I do not understand why teachers are so intimidated by observations, evaluations, and in particular casual, unscheduled walk-through observations by their adminstrators or colleagues. In any given profession, you are observed by others in your workplace, whether by your superiors or constituents.
Teaching is one of the few jobs where adults work in isolation, with no accountability to anyone else for their daily tasks. Our students are left at our mercy, behind closed doors. They have little idea if they are being taught what should be taught, if it is truly preparing them for the next step in their lives or not.
It seems to me that teachers should open their doors to each other, to their adminstrators as well as parents. If we are doing our job, we have nothing to hide. By opening our doors, by welcoming honest feedback on our 'performance', wouldn't we simply be encouraging ourselves to look critically at our own practice and how it can best be improved?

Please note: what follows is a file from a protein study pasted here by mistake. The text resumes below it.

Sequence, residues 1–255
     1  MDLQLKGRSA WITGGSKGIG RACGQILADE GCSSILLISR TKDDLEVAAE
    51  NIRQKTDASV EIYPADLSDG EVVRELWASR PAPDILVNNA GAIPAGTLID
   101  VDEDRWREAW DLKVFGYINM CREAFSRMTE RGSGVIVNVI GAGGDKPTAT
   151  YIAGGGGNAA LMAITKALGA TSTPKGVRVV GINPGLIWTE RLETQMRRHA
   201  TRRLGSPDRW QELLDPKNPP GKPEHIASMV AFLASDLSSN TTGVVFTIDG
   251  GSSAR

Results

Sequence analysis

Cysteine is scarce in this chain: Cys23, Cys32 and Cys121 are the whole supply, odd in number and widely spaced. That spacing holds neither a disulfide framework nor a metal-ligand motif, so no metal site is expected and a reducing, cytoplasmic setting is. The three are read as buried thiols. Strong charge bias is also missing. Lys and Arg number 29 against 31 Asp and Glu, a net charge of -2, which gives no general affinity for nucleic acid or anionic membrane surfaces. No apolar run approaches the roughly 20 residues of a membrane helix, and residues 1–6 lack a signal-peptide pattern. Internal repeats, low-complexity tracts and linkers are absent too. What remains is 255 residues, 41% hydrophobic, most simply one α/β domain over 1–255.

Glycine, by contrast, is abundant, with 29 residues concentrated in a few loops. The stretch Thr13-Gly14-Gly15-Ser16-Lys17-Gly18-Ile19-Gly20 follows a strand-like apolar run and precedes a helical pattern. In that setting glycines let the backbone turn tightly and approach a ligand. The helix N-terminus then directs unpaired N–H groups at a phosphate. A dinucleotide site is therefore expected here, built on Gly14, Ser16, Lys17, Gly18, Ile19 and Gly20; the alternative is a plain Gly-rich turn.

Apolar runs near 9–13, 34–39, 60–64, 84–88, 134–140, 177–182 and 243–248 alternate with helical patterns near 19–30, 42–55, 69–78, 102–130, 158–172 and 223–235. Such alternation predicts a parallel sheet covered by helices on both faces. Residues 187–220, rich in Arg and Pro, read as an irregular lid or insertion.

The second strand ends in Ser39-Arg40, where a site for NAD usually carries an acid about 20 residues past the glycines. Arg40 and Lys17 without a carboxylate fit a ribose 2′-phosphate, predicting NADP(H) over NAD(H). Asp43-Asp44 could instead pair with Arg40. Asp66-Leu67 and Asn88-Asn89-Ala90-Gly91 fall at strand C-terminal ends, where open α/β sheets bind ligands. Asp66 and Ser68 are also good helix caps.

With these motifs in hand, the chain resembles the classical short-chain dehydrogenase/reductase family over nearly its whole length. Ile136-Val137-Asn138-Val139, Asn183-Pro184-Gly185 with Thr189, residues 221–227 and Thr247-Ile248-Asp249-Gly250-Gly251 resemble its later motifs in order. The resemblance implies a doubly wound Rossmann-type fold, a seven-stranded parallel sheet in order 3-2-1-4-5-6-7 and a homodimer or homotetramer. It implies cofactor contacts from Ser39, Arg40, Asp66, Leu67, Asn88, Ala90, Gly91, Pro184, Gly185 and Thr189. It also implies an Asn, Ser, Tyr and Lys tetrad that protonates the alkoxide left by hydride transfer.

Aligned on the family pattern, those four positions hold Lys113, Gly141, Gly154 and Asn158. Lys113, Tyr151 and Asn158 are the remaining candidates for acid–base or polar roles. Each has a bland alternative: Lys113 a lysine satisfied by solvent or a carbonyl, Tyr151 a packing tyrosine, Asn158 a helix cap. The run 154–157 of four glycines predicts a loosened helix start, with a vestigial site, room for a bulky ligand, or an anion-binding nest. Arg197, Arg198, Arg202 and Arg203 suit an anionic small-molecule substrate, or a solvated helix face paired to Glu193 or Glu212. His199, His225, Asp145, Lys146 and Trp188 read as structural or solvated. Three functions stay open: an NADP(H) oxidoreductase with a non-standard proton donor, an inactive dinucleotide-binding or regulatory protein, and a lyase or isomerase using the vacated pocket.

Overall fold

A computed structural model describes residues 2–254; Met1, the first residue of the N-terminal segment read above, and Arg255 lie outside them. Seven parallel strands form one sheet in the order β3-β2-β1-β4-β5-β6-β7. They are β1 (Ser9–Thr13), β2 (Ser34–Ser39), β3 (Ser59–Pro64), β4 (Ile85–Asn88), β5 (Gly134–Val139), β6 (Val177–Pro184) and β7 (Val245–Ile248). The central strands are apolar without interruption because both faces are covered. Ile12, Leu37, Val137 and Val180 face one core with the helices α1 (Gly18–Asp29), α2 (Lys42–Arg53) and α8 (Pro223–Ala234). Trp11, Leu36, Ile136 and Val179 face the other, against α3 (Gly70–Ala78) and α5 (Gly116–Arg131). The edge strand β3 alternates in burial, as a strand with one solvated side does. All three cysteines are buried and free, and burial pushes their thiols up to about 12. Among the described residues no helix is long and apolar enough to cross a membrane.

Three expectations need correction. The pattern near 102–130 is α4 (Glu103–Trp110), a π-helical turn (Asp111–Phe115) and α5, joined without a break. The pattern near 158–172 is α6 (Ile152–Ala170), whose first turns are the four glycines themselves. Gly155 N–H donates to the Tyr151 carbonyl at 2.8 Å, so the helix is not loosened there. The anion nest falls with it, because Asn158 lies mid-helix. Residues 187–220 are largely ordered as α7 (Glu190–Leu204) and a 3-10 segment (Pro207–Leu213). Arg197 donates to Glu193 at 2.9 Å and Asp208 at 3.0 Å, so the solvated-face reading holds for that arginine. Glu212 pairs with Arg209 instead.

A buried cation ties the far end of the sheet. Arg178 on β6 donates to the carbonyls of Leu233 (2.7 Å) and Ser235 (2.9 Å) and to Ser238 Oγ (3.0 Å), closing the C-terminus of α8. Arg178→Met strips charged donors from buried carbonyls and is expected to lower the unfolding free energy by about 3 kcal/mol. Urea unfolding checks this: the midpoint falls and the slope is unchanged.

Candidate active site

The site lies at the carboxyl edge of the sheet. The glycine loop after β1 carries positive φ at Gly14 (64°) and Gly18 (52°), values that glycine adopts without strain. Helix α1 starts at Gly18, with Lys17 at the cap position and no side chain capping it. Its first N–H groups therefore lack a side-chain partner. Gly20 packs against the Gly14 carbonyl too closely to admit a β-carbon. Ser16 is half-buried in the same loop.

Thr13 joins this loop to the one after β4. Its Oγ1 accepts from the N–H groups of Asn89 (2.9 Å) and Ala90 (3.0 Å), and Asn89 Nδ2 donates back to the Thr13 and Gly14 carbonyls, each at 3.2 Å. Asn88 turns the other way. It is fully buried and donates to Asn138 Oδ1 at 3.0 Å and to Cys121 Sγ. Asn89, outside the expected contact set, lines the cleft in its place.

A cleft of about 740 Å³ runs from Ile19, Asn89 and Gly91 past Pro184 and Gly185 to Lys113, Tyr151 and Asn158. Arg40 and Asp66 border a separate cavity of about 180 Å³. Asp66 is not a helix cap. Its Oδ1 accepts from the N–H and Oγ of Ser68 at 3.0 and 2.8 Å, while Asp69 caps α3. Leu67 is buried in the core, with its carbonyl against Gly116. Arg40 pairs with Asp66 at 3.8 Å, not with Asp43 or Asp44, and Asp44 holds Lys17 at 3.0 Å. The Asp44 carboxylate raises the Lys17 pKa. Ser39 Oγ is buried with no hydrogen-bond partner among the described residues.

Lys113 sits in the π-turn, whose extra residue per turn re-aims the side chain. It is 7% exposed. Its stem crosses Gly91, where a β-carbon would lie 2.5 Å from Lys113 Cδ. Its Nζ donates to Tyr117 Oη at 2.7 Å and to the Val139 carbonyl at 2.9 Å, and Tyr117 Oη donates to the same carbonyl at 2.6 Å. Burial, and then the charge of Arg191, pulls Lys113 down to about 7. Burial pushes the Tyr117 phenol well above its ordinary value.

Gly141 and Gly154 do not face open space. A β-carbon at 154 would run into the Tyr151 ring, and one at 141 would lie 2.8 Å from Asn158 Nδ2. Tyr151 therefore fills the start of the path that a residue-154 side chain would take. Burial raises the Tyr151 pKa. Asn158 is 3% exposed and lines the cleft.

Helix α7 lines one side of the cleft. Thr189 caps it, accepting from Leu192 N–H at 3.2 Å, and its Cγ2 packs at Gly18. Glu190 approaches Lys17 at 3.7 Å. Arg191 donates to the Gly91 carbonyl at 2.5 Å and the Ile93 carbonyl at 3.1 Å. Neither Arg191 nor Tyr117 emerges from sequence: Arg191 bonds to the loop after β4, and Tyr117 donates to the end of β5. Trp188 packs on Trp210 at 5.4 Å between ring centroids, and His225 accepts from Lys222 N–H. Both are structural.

Maybe that's part of the problem? Some teachers are so entrenched in their own mediocrity they are afraid of having to improve?
There are many great teachers out there with much to share - content, pedagogical methods and styles, organizational tips and tricks - with their colleagues. Walk-throughs of each other's classes could share the wealth of knowledge, creating a more effective place of learning for students. We just have to get past that initial cringe of fear of having others in our rooms.